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dc.contributor.authorBond, Sarah D
dc.date.accessioned2017-07-10T01:22:26Z
dc.date.available2017-07-10T01:22:26Z
dc.date.issued2016
dc.identifier.urihttp://hdl.handle.net/10179/11444
dc.descriptionMaterial removed from thesis due to copyright reasons: Figure 1.1. The hierarchy of chromatin folding. From Felsenfeld, G., & Groudine, M. (2003). Controlling the double helix. Nature, 421(6921), 448-453. Figure 1.2. The structure of the nucleosome core. From Luger, K., Mäder, A. W., Richmond, R. K., Sargent, D. F., & Richmond, T. J. (1997). Crystal structure of the nucleosome core particle at 2.8 Å resolution. Nature, 389(6648), 251-260. Figure 1.3. The chromatosome. Figure retrieved from https://mbi-figure.storage.googleapis.com/figure/1389942837319.jpg. Figure 1.4. Sequence alignment of the somatic main H1 subtypes. Adapted from Hergeth, S. P., & Schneider, R. (2015). The H1 linker histones: Multifunctional proteins beyond the nucleosomal core particle. EMBO Reports, 16(11), 1439-1453. Figure 1.6. The mechanism of HP1 dislodgement from H1.4. Adapted from Fischle, W., Tseng, B. S., Dormann, H. L., Ueberheide, B. M., Garcia, B. A., Shabanowitz, J., Hunt, D. F., Funabiki, H., & Allis, C. D. (2005). Regulation of HP1–chromatin binding by histone H3 methylation and phosphorylation. Nature, 438(7071), 1116-1122. doi:10.1038/nature04219 Figure 4.1. Comparing H1.4S27 phosphorylation and the mutations that prevent or mimic this phosphorylation. Adapted from Anthis, N. J., Haling, J. R., Oxley, C. L., Memo, M., Wegener, K. L., Lim, C. J., Ginsberg, M. H., & Campbell, I. D. (2009). ß integrin tyrosine phosphorylation is a conserved mechanism for regulating talin-induced integrin activation. Journal of Biological Chemistry, 284(52), 36700-36710. doi: 10.1074/jbc.M109.061275en_US
dc.description.abstractHistone H1 phosphorylation is important for the regulation of high order chromosome organisation during mitosis. One of these phosphorylation sites in the linker histone subtype H1.4 is shown here to be phosphorylated by Aurora B kinase, a master regulator of mitosis. Altered phosphorylation of H1.4 on this phosphorylation site at serine 27 illustrated the significance of the timing of this phosphorylation. When serine 27 of H1.4 is mutated to prevent this phosphorylation chromosome congression to the equatorial plate during metaphase is hindered. In contrast, in the presence of the constitutive H1.4 serine 27 phosphorylation mimic, bridging and lagging chromosomes occurred, leading to a corresponding increase in the proportion of cells with a micronucleus. These phenotypes could be brought about through disruption of the Heterochromatin protein 1 family members bound to the adjacent methylated lysine. Such aberrations during mitosis can lead to genetic instability and ultimately aneuploidy, a hallmark of cancer. With the frequently reported over-expression of Aurora B in cancer this shows another mechanism in which this kinase, via histone H1.4 phosphorylation, can push a cell toward malignancy. Another important mitotic kinase, Cyclin dependent kinase 1 together with cyclin B, is responsible for the hyperphosphorylation of histone H1.4 during mitosis; which is required for condensing the cells genetic information into highly compact metaphase chromosomes. This vital mitotic event ensures the faithful transmission of the duplicated DNA into the dividing daughter cells. The mechanisms through which histone H1 hyperphosphorylation contribute to chromosome condensation are poorly understood. One mechanism through which this may occur is via the recruitment of condensation factors such as the condensins or Topoisomerase II. Here the interaction between the Condensin I subunit, CAPD2, and histone H1.4 is explored. CAPD2 interacts with the two most prominent linker histone subtypes, H1.4 and H1.2, through their C-terminal tails. H1.4 and CAPD2 can interact in vitro whilst each is phosphorylated by cyclin dependent kinase as they are during mitosis, in a manner dependent on RNA. Overall, these results indicate that histone H1.4 is a vital component of higher order chromatin and its phosphorylation is essential for the normal progression through mitosis.en_US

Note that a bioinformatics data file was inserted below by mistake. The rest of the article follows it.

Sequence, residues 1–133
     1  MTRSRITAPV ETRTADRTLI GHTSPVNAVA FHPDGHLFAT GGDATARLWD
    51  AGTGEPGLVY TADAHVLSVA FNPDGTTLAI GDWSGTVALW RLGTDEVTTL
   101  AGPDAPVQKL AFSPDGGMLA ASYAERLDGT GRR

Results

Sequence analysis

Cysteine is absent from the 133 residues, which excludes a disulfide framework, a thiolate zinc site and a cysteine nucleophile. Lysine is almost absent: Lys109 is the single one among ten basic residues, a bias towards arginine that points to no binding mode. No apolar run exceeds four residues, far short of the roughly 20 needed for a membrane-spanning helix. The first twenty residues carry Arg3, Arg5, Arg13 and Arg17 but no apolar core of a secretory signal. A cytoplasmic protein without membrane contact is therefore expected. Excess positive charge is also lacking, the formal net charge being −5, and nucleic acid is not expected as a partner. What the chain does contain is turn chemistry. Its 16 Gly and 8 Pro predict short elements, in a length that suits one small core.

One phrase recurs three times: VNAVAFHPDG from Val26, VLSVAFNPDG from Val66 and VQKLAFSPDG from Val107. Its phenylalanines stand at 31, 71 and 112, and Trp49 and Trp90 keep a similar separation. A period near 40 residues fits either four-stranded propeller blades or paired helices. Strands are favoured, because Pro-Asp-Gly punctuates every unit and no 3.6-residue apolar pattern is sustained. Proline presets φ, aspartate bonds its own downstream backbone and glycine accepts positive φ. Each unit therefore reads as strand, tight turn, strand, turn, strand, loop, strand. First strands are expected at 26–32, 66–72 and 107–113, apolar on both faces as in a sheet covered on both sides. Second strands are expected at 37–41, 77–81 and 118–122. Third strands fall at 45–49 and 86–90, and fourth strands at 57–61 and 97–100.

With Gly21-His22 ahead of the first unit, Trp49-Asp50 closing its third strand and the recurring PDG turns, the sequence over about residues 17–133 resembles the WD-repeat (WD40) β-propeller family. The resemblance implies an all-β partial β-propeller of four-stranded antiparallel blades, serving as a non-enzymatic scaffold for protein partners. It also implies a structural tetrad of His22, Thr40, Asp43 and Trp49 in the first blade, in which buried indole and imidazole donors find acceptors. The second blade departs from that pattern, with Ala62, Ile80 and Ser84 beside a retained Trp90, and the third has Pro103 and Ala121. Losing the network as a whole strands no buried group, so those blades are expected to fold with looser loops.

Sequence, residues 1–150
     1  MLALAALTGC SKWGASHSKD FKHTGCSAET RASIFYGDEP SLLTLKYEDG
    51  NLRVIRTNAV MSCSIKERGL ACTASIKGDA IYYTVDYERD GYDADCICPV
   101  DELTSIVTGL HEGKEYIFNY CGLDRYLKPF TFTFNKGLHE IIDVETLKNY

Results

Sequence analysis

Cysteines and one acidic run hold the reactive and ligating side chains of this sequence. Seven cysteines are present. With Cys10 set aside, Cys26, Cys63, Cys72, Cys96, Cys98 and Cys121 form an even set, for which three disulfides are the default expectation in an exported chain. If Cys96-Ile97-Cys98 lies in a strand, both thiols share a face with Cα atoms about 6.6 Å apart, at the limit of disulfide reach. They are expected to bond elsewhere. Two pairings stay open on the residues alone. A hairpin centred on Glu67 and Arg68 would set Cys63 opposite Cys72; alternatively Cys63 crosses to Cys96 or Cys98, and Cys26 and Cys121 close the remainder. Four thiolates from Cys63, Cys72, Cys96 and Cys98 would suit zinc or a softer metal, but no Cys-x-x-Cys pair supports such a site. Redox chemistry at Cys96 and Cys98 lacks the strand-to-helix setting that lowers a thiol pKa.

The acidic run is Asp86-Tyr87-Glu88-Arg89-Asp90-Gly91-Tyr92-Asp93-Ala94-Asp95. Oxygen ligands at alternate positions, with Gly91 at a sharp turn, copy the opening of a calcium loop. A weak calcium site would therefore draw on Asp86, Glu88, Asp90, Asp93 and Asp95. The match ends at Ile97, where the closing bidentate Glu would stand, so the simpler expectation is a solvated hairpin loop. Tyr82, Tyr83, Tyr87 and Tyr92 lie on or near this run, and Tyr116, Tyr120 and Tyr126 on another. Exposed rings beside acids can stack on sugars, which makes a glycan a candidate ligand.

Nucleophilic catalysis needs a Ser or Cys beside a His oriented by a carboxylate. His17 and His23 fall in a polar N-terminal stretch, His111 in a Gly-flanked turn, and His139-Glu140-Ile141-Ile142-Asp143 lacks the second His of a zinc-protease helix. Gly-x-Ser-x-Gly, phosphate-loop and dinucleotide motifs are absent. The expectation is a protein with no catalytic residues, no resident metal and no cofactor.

dc.language.isoenen_US
dc.publisherMassey Universityen_US
dc.rightsThe Authoren_US
dc.subjectPhosphorylationen_US
dc.subjectHistonesen_US
dc.subjectMitosisen_US
dc.subjectBiochemistryen_US
dc.titleHistone H1 phosphorylation during mitosis : a dissertation presented in partial fulfilment of the requirements for the degree of Doctor of Philosophy in Biochemistry at Massey University, Manawatū, New Zealanden_US
dc.typeThesisen_US
thesis.degree.disciplineBiochemistryen_US
thesis.degree.grantorMassey Universityen_US
thesis.degree.levelDoctoralen_US
thesis.degree.nameDoctor of Philosophy (PhD)en_US


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